Born in Auckland in 1935, Warren Viscoe trained as a builder before studying in London at Chelsea College of Art, and then the Ontario College of Art in Canada. He returned to New Zealand in 1962 and graduated with a Diploma of Fine Arts from Elam School of Fine Art in 1965.
One could not merely describe Viscoe as a sculptor, for the works he creates bring together readymade objects, such as coins and tree branches, as well as hand-sculpted wood, to create powerful assemblages that explore man’s interaction with the natural world. Using natural and recycled materials, Viscoe is conscious of the vitality of his materials and embraces any blotches or defects, such as rusting nail-holes or spreading lichen. Rather than being faults, they are transformed into embellishments that reinforce his themes.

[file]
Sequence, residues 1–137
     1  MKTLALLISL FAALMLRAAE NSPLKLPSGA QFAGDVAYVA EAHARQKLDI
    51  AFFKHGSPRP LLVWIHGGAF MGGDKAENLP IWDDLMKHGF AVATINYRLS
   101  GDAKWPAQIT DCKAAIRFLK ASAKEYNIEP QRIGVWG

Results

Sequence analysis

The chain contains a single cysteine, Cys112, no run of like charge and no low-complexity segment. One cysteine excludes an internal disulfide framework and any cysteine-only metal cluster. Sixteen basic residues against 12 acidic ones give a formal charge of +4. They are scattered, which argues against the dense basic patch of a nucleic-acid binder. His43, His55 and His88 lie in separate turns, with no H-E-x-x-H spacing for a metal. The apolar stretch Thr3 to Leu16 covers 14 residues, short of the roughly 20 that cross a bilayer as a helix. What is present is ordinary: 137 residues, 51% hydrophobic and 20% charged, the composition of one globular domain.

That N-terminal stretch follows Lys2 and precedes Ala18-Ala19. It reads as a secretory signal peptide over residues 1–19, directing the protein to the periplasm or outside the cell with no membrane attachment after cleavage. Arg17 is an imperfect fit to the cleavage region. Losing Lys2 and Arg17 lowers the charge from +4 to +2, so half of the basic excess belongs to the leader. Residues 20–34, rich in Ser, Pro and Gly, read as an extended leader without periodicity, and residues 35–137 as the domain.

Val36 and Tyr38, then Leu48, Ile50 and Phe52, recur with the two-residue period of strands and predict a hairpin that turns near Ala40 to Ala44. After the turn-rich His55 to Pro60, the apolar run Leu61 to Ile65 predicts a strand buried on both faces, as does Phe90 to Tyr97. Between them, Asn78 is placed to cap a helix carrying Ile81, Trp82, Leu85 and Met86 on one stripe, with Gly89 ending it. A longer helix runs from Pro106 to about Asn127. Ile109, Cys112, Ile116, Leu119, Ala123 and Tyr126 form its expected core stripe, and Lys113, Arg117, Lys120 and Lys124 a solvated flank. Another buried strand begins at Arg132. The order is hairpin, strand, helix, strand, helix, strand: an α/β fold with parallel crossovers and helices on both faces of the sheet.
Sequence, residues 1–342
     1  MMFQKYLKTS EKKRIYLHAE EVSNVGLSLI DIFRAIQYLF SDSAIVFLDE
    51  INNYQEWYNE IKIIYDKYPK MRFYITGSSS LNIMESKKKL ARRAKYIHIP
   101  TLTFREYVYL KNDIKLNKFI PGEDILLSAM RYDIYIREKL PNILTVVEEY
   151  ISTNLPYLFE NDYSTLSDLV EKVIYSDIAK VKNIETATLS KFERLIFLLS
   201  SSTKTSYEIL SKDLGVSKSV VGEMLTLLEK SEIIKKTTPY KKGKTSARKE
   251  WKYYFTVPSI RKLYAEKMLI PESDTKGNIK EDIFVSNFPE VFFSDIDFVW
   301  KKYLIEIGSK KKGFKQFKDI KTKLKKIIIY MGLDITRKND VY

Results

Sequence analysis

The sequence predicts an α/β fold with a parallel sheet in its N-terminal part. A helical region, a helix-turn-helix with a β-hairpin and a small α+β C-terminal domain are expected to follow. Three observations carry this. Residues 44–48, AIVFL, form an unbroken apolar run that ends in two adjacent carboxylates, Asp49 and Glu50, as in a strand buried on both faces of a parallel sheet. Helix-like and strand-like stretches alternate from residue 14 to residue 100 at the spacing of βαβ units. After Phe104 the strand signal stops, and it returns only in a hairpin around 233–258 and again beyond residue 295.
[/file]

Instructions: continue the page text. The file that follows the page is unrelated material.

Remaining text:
Viscoe’s use of disparate materials reveal his skills in carving as well as joining, bolting and binding. Often mixing wry humour in with his works, Viscoe always manages to create powerful pieces that possess a sense of monumentality but remain fluid and capable of movement, despite their heavy medium. This paradoxical element to his work extends to the messages he tries to convey through his sculptures, often drawing the viewer into a false sense of security regarding his intentions and then upsetting their initial confidence.
An accomplished sculptor, Viscoe’s work is widely respected throughout New Zealand for its quiet intensity and inviting tactile textures. His work has been exhibited in numerous solo exhibitions and his sculptures are in many New Zealand art collections, including the Museum of New Zealand Te Papa Tongarewa, Auckland City Art Gallery and the Dowse Art Museum.